cat a_report_publishing.csv | awk -F "," '{sum=sum+$5 ; sumX2+=(($5)^2)} END { printf "Average: %f. Standard Deviation biased: %f \n", sum/NR, sqrt(sumX2/(NR) - ((sum/NR)^2) )}'
cat a_report_publishing.csv | awk -F "," '{sum=sum+$5 ; sumX2+=(($5)^2)} END { avg=sum/NR; printf "Average: %f. Standard Deviation non-biased: %f \n", avg, sqrt(sumX2/(NR-1) - 2*avg*(sum/(NR-1)) + ((NR*(avg^2))/(NR-1)))}'

echo "

"


#PUBLIC-2742c27e-f025-4318-90a5-3950c8e08cbf,1597230698665000,1597230733940000,1597230716371000,17706000,52981000#
cat a_report_publishing.csv | sort -n -t "," -k6,6 | awk -F "," '
BEGIN {
c = 0;
sum = 0;
x = 0;
y = 0;

}
$6 ~ /^(\-)?[0-9]*(\.[0-9]*)?$/ {
a[c++] = $6;
sum += $6;
x+=$6;y+=$6^2;

}
END {
sdev = sqrt(y/NR-(x/NR)^2);
ave = sum / c;

if( (c % 2) == 1 ) {
median = a[ int(c/2) ];
} else {
median = ( a[c/2] + a[c/2-1] ) / 2;
}
OFS="\t";

#print "PROPAGATION_TIME --> SUMA: " sum, "COUNT: " c, "AVG: " ave, "MEDIAN: " median, "MIN: " a[0], " MAX: " a[c-1];

printf("%-16s %-16s %-17s %-9s %-9s %-9s %-9s %-15s \n" ,"===============", "================", "=================", "=========", "=========", "=========", "=========", "===============");
printf("%-16s %-16s %-17s %-9s %-9s %-9s %-9s %-15s \n" ,"Nazwa procesu ", "Suma ", "Ilosc rekordow ", "Minimum ", "Maximum ", "Srednia ", "Mediana ", "Odchylenie Std ");
printf("%-16s %-16s %-17s %-9s %-9s %-9s %-9s %-15s \n" ,"===============", "================", "=================", "=========", "=========", "=========", "=========", "===============");
printf("%-16s %-16s %-17s %-9s %-9s %-9s %-9s %-15s \n" ,"PROPAGATION_T ", sum, c, a[0], a[c-1], ave, median, sdev);
printf("%-16s %-16s %-17s %-9s %-9s %-9s %-9s %-15s \n" ,"===============", "================", "=================", "=========", "=========", "=========", "=========", "===============");


# 1234567890123456 1234567890123456 12345678901234567 123456789 123456789 123456789 123456789 123456789012345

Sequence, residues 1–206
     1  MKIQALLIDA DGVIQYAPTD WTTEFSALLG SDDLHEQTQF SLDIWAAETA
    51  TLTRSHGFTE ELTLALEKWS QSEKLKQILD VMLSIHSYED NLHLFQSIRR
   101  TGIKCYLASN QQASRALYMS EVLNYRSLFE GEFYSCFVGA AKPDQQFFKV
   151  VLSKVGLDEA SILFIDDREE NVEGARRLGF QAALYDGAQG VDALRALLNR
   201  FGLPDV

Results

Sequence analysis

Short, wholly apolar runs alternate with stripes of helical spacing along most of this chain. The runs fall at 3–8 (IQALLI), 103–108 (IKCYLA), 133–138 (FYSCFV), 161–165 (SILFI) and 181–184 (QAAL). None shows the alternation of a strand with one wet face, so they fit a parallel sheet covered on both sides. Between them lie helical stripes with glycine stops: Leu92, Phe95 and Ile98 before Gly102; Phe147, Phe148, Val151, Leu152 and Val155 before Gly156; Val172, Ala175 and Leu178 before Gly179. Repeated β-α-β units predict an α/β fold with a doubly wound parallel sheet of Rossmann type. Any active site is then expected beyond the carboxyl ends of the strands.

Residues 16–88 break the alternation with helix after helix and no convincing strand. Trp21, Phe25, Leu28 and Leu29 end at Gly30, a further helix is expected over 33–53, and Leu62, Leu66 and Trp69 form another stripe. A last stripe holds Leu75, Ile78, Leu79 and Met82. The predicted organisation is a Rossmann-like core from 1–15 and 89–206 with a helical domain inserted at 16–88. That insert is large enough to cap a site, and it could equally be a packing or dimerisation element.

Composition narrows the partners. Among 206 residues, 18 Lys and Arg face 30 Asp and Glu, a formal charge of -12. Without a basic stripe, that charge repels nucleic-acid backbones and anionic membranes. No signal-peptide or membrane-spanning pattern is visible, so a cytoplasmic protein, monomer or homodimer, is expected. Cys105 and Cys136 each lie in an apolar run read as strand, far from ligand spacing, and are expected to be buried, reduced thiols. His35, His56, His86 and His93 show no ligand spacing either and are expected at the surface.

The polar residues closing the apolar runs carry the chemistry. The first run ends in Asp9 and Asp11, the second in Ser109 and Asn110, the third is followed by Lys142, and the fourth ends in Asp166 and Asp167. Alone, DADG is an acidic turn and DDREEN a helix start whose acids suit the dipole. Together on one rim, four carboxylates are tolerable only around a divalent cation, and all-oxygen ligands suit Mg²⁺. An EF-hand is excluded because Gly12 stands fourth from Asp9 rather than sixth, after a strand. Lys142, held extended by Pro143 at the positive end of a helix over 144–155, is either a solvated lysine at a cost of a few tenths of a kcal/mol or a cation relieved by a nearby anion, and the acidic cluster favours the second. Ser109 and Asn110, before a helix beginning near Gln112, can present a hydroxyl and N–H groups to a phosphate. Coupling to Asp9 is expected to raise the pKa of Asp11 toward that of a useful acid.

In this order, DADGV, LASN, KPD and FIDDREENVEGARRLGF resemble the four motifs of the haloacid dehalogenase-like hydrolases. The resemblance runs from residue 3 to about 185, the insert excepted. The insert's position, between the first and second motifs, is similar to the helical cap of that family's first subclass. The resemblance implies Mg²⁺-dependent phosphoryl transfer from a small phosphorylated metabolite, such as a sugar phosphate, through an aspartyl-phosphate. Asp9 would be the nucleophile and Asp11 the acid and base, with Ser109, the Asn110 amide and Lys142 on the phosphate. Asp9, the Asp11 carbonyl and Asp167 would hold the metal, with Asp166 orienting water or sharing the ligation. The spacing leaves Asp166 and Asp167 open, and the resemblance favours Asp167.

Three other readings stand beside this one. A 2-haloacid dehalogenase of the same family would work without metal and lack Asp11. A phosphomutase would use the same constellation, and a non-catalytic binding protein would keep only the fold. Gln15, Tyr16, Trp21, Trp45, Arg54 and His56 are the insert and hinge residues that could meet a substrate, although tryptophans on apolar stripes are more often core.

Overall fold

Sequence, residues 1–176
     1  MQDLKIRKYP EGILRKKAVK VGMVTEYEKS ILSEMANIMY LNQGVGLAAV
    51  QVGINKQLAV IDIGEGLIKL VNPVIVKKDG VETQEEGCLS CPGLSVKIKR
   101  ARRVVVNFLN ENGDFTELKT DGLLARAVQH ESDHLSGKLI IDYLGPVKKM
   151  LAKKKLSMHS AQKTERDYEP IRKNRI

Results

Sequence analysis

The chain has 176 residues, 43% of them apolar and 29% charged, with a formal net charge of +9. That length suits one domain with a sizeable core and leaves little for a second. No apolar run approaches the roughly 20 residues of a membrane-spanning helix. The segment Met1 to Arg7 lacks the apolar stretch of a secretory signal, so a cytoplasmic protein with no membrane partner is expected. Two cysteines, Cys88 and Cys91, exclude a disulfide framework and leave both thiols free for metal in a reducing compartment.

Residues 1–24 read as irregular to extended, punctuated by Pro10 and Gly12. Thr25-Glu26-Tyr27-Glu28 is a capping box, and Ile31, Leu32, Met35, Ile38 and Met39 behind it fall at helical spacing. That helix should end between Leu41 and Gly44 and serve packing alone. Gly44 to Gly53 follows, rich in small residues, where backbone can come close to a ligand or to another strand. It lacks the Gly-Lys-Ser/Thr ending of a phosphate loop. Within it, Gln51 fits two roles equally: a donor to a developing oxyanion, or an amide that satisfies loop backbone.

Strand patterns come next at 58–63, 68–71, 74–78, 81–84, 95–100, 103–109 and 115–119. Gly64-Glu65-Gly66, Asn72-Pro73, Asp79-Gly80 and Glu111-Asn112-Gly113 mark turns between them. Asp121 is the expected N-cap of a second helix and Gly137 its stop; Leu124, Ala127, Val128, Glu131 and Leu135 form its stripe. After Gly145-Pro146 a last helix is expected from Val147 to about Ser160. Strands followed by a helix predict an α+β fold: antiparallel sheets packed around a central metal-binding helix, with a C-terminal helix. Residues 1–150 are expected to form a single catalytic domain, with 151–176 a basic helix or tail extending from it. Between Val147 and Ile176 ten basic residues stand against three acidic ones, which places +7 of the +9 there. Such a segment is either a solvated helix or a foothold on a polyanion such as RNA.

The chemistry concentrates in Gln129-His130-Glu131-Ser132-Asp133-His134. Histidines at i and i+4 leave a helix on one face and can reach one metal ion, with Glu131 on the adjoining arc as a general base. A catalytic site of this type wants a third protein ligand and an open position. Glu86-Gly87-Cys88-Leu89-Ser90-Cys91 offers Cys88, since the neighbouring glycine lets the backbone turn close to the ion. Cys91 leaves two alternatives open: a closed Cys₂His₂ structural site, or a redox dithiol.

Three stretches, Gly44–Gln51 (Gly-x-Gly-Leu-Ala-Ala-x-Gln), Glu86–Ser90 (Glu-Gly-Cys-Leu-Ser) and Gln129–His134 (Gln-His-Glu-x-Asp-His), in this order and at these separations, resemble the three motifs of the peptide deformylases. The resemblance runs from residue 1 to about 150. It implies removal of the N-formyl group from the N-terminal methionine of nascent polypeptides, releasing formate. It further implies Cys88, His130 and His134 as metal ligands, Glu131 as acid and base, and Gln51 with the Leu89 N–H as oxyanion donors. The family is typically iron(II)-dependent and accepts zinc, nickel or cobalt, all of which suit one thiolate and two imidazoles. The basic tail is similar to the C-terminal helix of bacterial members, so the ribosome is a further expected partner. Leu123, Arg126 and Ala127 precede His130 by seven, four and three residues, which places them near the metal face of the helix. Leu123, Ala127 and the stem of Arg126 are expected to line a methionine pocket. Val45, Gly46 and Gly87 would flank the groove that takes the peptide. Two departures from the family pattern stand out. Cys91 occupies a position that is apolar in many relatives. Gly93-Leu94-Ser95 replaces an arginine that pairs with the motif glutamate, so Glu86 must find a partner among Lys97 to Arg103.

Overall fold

# =============== ================ ================= ========= ========= ========= ========= ===============
# Nazwa procesu Suma Ilosc rekordow Minimum Maximum Srednia Mediana Odchylenie Std
# =============== ================ ================= ========= ========= ========= ========= ===============

}
'

#cat a_report_publishing.csv | awk -F "," '{x+=$6;y+=$6^2}END{print "SDEV: " sqrt(y/NR-(x/NR)^2)}'
#cat a_report_publishing.csv | awk -F "," '{ sum=sum+$6 ; sumX2+=(($6)^2)} END { printf "Average: %f. Standard Deviation: %f \n", sum/NR, sqrt(sumX2/(NR) - ((sum/NR)^2) )}'

# Check #
cat a_report_publishing.csv | awk -F "," '{x+=$6;y+=$6^2}END{print "Standard Deviation: " sqrt(y/NR-(x/NR)^2)}'
cat a_report_publishing.csv | awk -F "," '{sum=sum+$6 ; sumX2+=(($6)^2)} END { printf "Average: %f. Standard Deviation biased: %f \n", sum/NR, sqrt(sumX2/(NR) - ((sum/NR)^2) )}'
cat a_report_publishing.csv | awk -F "," '{sum=sum+$6 ; sumX2+=(($6)^2)} END { avg=sum/NR; printf "Average: %f. Standard Deviation non-biased: %f \n", avg, sqrt(sumX2/(NR-1) - 2*avg*(sum/(NR-1)) + ((NR*(avg^2))/(NR-1)))}'


echo "

"

# Sprawdzenie #
#
#PUBLIC-11b5e485-3745-4f1f-b50e-61d54ddb85e9,PUBLISHING_OK,Wed Aug 12 13:17:56 CEST 2020,cQ2EXC7BrXTxB7fiHdV1YmBCT2kXexKFCvtrqWj4iL3WTEnEUpxnVK9kPwdnu8SnG6ViD,1597231043563000,1597231073306000,1597231055351000,1597231076089000,11,29,http://10.58.0.51:20064
#
#PUBLIC-11b5e485-3745-4f1f-b50e-61d54ddb85e9,1597231043563000,1597231073306000,1597231055351000,11.788,41.531
#
#
#PUBLIC-4c3d96a8-ed01-4925-8c7a-fa1725720191,PUBLISHING_OK,Wed Aug 12 13:12:42 CEST 2020,nv2BEKTJbFnXDjgHxBcTeYxmt3q7L2T6wquMh7WJsPBnd43tnDAVs4gLGzf2UKTNGBNcL,1597230729819000,1597230759949000,1597230741254000,1597230762213000,11,30,http://10.58.0.51:20013
#PUBLIC-4c3d96a8-ed01-4925-8c7a-fa1725720191,1597230729819000,1597230759949000,1597230741254000,11.435,41.565
#